Eliminating two sidewalls and bead areas by switching to wide-base single tires can cut flex-related rolling resistance nearly in half. Switching to a more efficient tread design and perhaps a thinner tread helps, too. Goodyear estimates its Fuel Max tires provide a 4 percent improvement in fuel economy over its standard Unisteel line-haul tires. Continental estimates its HSL and HDL Eco Plus tires can save between 4.7 and 7.2 percent over competitive brands. And Michelin suggests its X One wide-base singles can reduce fuel consumption by between 4 percent and 10 percent compared to a truck quipped with dual tires at the drive and trailer positions.

How to translate all that into a number that means something to your bean counter?

Let's begin with the most basic questions: Can you rely on the tire manufacturer's estimates of fuel savings or rolling resistance reduction, and are the comparisons useful?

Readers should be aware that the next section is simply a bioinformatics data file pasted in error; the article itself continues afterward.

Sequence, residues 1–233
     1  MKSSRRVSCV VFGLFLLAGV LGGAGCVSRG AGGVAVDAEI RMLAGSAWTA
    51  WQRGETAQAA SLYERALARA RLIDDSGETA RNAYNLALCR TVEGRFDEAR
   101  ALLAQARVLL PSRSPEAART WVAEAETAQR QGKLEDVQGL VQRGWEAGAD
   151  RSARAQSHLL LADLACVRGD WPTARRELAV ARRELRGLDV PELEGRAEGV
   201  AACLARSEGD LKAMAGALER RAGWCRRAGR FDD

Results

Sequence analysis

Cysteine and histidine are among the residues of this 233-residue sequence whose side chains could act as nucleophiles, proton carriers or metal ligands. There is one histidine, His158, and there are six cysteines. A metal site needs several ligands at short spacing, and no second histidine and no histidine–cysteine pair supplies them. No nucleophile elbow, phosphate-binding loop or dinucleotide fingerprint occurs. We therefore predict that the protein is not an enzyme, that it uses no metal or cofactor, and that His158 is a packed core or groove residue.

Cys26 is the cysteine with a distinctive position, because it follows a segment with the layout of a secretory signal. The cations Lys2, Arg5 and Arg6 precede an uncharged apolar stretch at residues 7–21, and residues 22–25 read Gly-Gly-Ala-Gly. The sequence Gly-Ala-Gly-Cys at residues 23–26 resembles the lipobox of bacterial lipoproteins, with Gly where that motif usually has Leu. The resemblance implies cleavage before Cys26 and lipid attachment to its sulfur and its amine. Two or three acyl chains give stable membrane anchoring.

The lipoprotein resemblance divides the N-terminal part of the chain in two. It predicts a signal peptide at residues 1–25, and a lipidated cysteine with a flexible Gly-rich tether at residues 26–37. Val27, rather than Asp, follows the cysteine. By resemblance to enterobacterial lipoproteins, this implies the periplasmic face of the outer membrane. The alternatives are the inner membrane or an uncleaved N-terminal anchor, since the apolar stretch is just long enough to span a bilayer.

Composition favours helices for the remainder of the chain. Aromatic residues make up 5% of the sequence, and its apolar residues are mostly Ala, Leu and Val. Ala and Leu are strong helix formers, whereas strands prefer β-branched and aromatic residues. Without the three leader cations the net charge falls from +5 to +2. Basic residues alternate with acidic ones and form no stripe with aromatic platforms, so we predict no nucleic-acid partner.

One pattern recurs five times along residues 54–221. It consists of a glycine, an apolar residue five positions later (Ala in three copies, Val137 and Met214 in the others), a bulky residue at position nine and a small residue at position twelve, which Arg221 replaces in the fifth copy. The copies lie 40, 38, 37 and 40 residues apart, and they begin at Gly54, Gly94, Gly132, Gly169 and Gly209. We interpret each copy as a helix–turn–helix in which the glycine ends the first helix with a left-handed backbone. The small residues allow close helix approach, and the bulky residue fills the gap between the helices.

Take Goodyear's 4 percent improvement claim for its Fuel Max tires over its Unisteel line-haul tires. At least we have a baseline for comparison, you say. But Goodyear also claims the new fuel-efficient tread design actually produced an 8 percent improvement during SAE testing.

"We saw 8 percent, and we have the data, but we scaled back our claims to reflect actual customer experience," Miller explains. "Things never work out the same in real life."

The way Miller explains it, test results are derived under near-perfect conditions designed to filter out many of the real-life factors that can affect fuel economy. He cautions that cost/benefit analysis conducted solely on SAE-derived reports may not reflect results you'd see in your operation.

SAE fuel economy tests are generally accurate to within a percentage point or two, but in real life, there can be differences of 30 percent or more between your best and worst driver, for example.